Frequently Asked Questions

If it is one of the smaller lights at the entrances or at the roundabout, please contact the board. If it is one of the taller lights, please contact Johnson County REMC at (317) 736-6174 with the location of the light and also the number at the top of the pole.

Please contact Otto’s Streetscape Solutions at (317) 886-4400. You can also find a current price list on the Resources page.

Please call the Johnson County Highway Department at (317) 346-4630 and tell them the location of the pothole. Alternatively, send an email to and give them an approximate address for the pot hole or broken concrete areas around drains. Attach photos if you can.

There are Covenants and Restrictions that were given to homeowners at closing that they can use for reference to see what the community will allow. If you do not have these documents, you can find them and other helpful documents such as guidelines on the Resources page.

Please contact the board either by email or mail which you can find on the “Contact Us” page.

Short answer is ‘Yes’. In accordance with the Covenants and Restrictions, you must submit the KG Compliance Checklist Form along with a security deposit to the HOA board. Refer to the KG Homeowners Guidelines and Construction Improvement Guidelines on the Resources Page for specific requirements and filing instructions.

The Kensington Grove Homeowners annual assessment is currently $625.00 (beginning with the 2022 assessment) per lot. The amount is due by January 31st each year and will be assessed a late fee of $30.00 for payment after that date. An option for semi-annual payments plus a 10% premium is available. The first payment would still be due by January 31st in the amount of $343.75 per lot, with the second payment of $343.75 per lot due by June 30th.

Please make checks payable to: Kensington Grove Homeowners Association
Please mail to: P.O. Box 251, Bargersville, IN 46106-0251

Please refer to the Covenants and Restrictions, specifically Exhibit D, for pertinent information regarding your intended project. After reviewing the document, if you wish to proceed, download the Compliance Checklist document found on the Resources page, fill it out, attach a security deposit in the amount specified in the document that corresponds to your project, and submit the request to the HOA Board. The security deposit will be refunded to you upon the successful completion of your project and following a satisfactory inspection by a member of the board.

Heavy rains in the spring have resulted often in drainage ditches and swales being inundated with more water than they can handle in a timely manner. Numerous homeowners have inquired if the HOA can do anything to improve the movement of water through these ditches and swales. In response to those inquiries, we offer the following information.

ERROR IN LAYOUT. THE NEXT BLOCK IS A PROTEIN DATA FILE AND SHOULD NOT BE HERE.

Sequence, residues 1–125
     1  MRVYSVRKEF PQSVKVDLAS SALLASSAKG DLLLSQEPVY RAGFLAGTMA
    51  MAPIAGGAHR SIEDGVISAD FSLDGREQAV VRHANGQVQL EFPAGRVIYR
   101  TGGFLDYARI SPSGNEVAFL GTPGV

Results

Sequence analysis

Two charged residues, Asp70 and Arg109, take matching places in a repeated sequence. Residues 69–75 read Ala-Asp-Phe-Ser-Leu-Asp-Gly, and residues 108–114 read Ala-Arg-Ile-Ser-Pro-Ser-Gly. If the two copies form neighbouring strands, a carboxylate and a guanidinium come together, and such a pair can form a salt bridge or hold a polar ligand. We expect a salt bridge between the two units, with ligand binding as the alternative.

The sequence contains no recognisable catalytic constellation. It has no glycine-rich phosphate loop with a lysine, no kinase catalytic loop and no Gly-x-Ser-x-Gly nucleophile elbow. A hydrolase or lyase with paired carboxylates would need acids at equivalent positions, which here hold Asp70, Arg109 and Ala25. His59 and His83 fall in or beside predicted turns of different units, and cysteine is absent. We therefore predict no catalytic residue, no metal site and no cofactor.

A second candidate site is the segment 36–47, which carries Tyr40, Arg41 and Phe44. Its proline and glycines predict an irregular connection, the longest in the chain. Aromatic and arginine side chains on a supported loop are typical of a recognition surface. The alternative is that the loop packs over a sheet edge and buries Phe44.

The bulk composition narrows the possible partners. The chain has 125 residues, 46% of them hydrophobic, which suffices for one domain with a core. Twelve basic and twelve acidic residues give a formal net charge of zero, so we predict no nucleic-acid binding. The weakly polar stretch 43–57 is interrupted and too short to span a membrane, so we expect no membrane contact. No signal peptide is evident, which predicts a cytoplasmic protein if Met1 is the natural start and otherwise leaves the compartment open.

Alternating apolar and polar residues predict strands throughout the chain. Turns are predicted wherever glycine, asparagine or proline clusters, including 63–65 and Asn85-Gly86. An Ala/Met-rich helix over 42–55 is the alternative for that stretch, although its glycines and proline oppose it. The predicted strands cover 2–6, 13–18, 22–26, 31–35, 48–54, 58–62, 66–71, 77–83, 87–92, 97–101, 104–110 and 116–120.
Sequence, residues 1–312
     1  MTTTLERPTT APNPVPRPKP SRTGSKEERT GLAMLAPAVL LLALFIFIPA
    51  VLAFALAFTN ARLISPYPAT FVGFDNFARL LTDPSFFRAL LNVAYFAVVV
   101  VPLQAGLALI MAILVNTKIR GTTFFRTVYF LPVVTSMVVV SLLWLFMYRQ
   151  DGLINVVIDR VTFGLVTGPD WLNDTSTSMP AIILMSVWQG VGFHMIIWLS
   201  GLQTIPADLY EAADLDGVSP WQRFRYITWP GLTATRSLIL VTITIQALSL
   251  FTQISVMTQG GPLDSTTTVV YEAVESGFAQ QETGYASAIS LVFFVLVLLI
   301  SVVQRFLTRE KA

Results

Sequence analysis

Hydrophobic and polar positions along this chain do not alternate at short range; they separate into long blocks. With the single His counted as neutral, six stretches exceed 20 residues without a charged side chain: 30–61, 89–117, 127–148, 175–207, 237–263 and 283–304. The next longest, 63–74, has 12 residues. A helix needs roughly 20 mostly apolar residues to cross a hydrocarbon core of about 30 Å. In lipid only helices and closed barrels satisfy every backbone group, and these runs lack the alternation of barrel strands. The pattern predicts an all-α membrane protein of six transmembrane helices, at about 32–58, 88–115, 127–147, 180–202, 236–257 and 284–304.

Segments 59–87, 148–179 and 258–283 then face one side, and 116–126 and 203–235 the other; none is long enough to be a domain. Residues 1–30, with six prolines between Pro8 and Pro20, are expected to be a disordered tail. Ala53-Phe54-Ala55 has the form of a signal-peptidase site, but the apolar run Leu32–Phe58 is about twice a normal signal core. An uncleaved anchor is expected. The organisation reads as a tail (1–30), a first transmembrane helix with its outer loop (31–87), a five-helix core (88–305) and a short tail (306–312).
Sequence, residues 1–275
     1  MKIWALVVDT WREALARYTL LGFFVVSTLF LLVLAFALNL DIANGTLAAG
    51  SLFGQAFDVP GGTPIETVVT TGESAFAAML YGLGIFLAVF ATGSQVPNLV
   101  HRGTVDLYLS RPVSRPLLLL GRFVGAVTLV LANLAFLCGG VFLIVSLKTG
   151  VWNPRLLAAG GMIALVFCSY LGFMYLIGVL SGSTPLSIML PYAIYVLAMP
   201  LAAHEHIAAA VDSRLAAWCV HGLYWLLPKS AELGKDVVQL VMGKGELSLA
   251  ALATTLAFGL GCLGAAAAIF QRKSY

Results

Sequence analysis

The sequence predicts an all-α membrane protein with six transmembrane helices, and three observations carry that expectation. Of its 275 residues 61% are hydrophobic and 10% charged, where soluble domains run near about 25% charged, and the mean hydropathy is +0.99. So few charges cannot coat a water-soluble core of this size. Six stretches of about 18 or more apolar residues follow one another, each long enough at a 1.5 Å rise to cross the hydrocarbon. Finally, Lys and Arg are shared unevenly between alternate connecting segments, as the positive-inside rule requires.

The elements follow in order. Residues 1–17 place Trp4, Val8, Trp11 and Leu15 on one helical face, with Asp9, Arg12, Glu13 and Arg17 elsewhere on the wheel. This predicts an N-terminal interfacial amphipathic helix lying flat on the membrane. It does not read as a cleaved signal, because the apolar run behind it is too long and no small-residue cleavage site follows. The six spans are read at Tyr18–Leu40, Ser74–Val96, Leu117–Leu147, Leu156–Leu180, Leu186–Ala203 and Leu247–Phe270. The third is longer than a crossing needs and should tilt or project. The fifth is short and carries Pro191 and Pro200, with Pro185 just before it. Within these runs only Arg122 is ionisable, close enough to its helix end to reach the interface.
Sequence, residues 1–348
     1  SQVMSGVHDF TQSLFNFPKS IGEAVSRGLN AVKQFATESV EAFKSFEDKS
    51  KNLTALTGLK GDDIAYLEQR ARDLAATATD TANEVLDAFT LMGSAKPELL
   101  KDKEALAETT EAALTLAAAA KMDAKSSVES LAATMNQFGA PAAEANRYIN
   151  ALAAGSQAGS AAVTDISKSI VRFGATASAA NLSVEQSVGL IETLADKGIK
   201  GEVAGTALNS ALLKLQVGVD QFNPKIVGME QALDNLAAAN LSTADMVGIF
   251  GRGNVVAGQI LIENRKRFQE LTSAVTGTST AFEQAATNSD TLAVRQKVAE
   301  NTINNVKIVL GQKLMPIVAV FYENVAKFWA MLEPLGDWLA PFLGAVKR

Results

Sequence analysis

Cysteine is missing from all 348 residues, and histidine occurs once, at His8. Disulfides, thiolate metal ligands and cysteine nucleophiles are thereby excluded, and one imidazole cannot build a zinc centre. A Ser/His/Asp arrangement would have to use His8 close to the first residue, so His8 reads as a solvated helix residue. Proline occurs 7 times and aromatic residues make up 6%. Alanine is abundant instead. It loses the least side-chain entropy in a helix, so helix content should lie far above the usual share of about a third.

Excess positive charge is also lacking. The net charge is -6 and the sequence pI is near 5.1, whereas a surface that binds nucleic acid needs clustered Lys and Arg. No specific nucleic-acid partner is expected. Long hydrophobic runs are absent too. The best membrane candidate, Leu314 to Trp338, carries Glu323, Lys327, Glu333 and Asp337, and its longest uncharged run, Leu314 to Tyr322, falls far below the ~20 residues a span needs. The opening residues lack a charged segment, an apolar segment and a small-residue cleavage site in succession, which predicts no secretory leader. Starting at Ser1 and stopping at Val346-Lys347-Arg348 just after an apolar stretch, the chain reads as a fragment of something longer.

• The design and execution of the plan to control and divert stormwater in the Kensington Grove development was in accordance with State and County ordinances at the time the original plat map was approved. The subdivision was developed per State and County requirements and inspected continuously throughout development. ALL DRAINAGE met the requirements and passed all inspections.
  • The Covenants and Restrictions clearly describe the duty of a Lot Owner to the maintain drainage ditches and swales. Covenants and Restriction, Exhibit D, Section. 9. Ditches and Swales and Erosion Control. “It shall be the duty of the Owner of any Lot on which any part of an open storm ditch or swale is situated to keep such portion thereof as may be situated upon his Lot continuously unobstructed (both by improvements and plant material) and in good repair (emphasis added), and to provide for the installation of such culverts upon said Lot as may be reasonably necessary. It shall be the duty of the Owner to establish as needed and to maintain all erosion control on his or her respective Lot.”
  • Drainage ditches and swales are typically located within the Drainage and Utility Easements on each side of a lot – most often at the sides and back of the property. These easements vary in width depending on the location of the property but are minimally 7.5 feet wide for each adjoining lot. Drainage ditches and swales are usually V- or U-shaped depressions running the length of a property line that collect rainwater runoff and direct it toward beehive drains located periodically along the drainage ditch or swale.
  • Water runs down-hill and carries particles of dirt with it thus recontouring the area surrounding a drainage ditch or swale. The ability of a drainage ditch or swale to effectively direct stormwater runoff is directly dependent upon its depth relative to the surrounding property and the slope of the ditch/swale from the highpoint of its collection area to its low point at the beehive drain. Backyard lots abutting a drainage ditch/swale are typically sloped to facilitate the movement of runoff toward the ditch/swale. Each year, the several inches of rain that this area receives results in the slow but discernable movement of soil downhill toward and into the drainage ditch/swale, thus filling in the ditch/swale and altering its depth and reducing its effectiveness and resulting in widening of the ‘pool’ of water along the path of drainage. Over the nearly two decades since the initial contouring of this development, there has likely been significant silting in of drainage ditches and swales.

The HOA Board of Directors encourages all our owners to evaluate their drainage problems, if any, with these points in mind.